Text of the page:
Who would have ever thought, this simple, humble looking grain which used to be treated as a weed by the ancient Egyptians, considered to be food for barbarians by the Greeks, and fed to horses by the Romans, can hold so many incredible health benefits which can not only switch on our internal flame, but also support the function of our immune system, prevent colon cancer, reduce cholesterol, regulate our blood sugar and help prevent diabetes.

We OAT to be Super

The unique fibre in oats called Beta Glucan along with the unique polyphenol antioxidants called avenanthramides give this humble grain a Super – Grain status. Beta Glucan strengthens the immune system as it helps neutrophils (white blood cells) travel to the site of infection faster and enhance their ability to eliminate bacteria. This unique fibre in oats has also been demonstrated to have a direct effect on cholesterol reduction, as well as increasing satiety and reducing hunger by increasing levels of the hunger – fighting hormone, cholecystokinin.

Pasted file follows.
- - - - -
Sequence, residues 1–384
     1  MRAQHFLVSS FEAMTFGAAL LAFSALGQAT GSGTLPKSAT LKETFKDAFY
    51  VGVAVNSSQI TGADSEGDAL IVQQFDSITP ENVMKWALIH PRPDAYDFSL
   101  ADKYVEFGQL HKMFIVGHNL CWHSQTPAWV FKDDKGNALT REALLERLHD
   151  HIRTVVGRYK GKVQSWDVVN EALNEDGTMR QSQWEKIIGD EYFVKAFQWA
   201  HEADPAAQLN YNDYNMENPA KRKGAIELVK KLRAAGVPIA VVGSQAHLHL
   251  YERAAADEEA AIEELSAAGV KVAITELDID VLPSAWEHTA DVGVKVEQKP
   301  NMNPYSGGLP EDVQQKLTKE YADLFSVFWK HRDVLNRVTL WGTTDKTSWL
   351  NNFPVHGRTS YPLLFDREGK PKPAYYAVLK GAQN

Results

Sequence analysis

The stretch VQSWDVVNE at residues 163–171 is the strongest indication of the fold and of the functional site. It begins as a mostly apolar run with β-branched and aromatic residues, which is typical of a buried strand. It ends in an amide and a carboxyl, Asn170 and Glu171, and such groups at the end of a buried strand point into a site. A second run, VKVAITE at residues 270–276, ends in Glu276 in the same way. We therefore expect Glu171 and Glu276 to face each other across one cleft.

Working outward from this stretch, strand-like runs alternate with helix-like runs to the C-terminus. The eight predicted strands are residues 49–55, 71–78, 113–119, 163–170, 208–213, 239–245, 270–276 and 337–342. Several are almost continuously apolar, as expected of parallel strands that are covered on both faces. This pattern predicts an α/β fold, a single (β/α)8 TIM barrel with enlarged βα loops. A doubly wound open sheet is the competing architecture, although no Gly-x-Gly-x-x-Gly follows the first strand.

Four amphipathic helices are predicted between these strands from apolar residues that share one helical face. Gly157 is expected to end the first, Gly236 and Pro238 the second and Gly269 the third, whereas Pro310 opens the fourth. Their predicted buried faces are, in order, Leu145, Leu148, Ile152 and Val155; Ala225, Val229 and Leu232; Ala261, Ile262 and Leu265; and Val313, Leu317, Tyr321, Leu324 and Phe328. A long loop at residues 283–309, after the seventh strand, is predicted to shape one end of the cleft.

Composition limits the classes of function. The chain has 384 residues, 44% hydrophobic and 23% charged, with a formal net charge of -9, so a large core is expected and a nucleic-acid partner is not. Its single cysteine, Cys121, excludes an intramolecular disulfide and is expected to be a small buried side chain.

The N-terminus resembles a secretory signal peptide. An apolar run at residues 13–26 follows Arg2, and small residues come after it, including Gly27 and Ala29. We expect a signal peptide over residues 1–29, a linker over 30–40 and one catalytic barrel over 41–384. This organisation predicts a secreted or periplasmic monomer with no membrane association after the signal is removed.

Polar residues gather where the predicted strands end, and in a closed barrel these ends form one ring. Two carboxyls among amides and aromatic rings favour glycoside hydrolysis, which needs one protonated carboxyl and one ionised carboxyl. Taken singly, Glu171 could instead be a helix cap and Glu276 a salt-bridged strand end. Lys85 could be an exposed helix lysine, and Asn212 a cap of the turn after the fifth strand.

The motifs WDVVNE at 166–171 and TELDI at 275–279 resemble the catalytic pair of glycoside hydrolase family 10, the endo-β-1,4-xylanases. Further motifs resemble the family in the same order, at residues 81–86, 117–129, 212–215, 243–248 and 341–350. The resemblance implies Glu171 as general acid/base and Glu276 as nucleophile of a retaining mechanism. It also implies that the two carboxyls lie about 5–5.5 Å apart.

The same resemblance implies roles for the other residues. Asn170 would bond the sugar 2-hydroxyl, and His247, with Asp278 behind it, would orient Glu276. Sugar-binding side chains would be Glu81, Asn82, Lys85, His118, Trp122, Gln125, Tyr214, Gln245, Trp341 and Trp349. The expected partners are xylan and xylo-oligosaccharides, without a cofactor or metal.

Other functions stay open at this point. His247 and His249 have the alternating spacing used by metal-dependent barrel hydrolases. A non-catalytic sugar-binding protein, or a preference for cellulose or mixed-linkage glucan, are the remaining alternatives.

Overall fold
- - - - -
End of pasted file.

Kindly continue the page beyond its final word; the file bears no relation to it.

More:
The unique antioxidants in oats help prevent inflammation and boost our production of nitric oxide to help prevent hardening of the arteries. A 2010 study has also associated the avenanthramides in oats with decreasing the spread of colon cancer cells.

We OAT to be Healthy

Oats have a low GI (Glycaemic Index), which means they promote a gradual rise in blood sugar, rather than a fast and sharp one, sustaining energy, increasing mental, physical and athletic performance as well as preventing cravings for sweets and highly refined carbohydrates helping us feel fuller for longer. The higher than average protein content in oats compared with other grains, makes them a perfect choice for breakfast any day. Just by adding some chia seeds, sunflower seeds or slivered almonds to your cooked oats, granola or muesli, you will find you’ll have enough protein to help kick start your day.